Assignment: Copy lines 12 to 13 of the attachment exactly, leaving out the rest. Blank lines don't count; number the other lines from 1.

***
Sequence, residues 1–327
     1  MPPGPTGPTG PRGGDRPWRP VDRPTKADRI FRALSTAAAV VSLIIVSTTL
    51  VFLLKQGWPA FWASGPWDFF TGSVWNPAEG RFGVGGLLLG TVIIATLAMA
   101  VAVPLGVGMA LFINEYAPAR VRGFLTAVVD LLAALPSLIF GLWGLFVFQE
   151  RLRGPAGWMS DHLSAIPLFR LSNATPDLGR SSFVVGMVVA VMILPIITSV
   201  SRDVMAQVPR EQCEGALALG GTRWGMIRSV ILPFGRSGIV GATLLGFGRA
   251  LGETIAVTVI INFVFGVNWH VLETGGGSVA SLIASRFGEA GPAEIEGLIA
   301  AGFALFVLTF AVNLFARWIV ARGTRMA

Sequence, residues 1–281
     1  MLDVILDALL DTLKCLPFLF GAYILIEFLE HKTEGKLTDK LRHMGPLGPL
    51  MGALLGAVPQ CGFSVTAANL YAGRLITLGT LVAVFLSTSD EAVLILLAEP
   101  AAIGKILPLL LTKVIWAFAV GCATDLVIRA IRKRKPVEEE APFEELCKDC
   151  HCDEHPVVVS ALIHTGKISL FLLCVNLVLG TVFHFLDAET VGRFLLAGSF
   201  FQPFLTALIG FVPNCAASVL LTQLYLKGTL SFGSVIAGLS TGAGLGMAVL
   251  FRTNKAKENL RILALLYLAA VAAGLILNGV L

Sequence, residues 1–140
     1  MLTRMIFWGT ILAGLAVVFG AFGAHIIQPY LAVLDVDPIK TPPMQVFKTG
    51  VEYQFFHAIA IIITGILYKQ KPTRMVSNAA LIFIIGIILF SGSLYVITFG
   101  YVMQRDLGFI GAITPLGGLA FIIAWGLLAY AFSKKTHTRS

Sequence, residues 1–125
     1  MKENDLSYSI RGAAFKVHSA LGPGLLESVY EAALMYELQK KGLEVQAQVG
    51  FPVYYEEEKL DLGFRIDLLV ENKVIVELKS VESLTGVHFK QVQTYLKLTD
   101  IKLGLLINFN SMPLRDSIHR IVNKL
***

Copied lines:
   101  AAIGKILPLL LTKVIWAFAV GCATDLVIRA IRKRKPVEEE APFEELCKDC
   151  HCDEHPVVVS ALIHTGKISL FLLCVNLVLG TVFHFLDAET VGRFLLAGSF